• Everywhere you turn, the idea that coronavirus has brought on a "new normal" is present and true. But for higher education, COVID-19 exposes a long list of pernicious old problems more than it presents new problems.
  • It was widely known, yet ignored, that digital instruction must be embraced. When combined with traditional, in-person teaching, it can enhance student learning outcomes at scale.
  • COVID-19 has forced institutions to understand that far too many higher education outcomes are determined by a student's family income, and in the context of COVID-19 this means that lower-income students, first-generation students and students of color will be disproportionately afflicted.
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10 of the best new games according to geniuses at Mensa

Kick off your next game night with these Mensa-recommended board and card games.

Photo by Robert Coelho on Unsplash
Gear
  • Mensa members judge an annual competition to determine which games are the best on the market.
  • Hundreds of board, card, and party games are considered each year but only a select few can win.
  • These 10 top games are available to purchase and play right now.
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Creativity: The science behind the madness

Human brains evolved for creativity. We just have to learn how to access it.

Creativity: The science behind the madness | Rainn Wilson, David Eagleman, Scott ...
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  • An all-star cast of Big Thinkers—actors Rainn Wilson and Ethan Hawke; composer Anthony Brandt; neuroscientists David Eagleman, Wendy Suzuki, and Beau Lotto; and psychologist Scott Barry Kaufman—share how they define creativity and explain how our brains uniquely evolved for the phenomenon.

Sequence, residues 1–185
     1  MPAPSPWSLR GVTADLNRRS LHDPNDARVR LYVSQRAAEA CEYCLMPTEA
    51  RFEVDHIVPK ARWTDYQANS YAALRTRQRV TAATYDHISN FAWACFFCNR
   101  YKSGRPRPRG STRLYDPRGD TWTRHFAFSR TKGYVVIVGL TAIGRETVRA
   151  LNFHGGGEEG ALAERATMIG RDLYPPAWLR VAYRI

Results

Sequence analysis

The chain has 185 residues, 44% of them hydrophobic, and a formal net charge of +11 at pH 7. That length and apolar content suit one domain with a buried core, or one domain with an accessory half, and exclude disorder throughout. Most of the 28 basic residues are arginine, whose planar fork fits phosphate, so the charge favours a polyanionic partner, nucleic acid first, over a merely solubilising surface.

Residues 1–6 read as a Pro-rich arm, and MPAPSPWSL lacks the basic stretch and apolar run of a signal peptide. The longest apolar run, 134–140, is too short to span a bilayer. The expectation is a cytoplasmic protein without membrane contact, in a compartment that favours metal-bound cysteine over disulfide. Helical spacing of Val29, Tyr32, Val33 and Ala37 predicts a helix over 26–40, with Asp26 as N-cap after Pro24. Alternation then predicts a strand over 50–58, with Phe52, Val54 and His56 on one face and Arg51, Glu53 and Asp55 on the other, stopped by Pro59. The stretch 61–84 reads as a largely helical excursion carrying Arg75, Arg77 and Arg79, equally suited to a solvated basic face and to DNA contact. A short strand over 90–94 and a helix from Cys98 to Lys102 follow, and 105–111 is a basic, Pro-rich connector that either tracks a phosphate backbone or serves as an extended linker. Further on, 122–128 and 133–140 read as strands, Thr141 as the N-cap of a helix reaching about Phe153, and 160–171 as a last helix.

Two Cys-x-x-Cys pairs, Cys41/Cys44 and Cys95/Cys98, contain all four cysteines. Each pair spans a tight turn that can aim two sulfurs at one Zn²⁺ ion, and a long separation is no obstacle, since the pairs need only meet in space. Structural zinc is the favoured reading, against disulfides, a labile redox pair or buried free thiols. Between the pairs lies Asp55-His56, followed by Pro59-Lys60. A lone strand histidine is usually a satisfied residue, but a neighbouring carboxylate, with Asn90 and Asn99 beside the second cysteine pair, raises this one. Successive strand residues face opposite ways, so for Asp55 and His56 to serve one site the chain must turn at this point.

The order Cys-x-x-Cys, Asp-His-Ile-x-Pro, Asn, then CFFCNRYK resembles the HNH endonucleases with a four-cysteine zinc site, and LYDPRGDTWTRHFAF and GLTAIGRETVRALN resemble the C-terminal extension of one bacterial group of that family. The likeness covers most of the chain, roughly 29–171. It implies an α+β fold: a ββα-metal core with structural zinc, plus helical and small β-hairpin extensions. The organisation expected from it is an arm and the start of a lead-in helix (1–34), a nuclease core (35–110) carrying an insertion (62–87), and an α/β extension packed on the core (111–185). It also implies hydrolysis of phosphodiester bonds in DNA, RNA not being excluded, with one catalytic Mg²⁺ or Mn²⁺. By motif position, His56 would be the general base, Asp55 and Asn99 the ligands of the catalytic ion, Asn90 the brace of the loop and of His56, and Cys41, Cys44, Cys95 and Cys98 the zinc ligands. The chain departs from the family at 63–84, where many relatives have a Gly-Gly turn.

• According to Eagleman, during evolution there was an increase in space between our brain's input and output that allows information more time to percolate. We also grew a larger prefrontal cortex which "allows us to simulate what ifs, to separate ourselves from our location in space and time and think about possibilities."
  • Scott Barry Kaufman details 3 brain networks involved in creative thinking, and Wendy Suzuki busts the famous left-brain, right-brain myth.

Dinosaur bone? Meteorite? These men's wedding bands are a real break from boredom.

Manly Bands wanted to improve on mens' wedding bands. Mission accomplished.

Sex & Relationships
  • Manly Bands was founded in 2016 to provide better options and customer service in men's wedding bands.
  • Unique materials include antler, dinosaur bones, meteorite, tungsten, and whiskey barrels.
  • The company donates a portion of profits to charity every month.
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Politics & Current Affairs

How #Unity2020 plans to end the two-party system, bring back Andrew Yang

The proposal calls for the American public to draft two candidates to lead the executive branch: one from the center-left, the other from the center-right.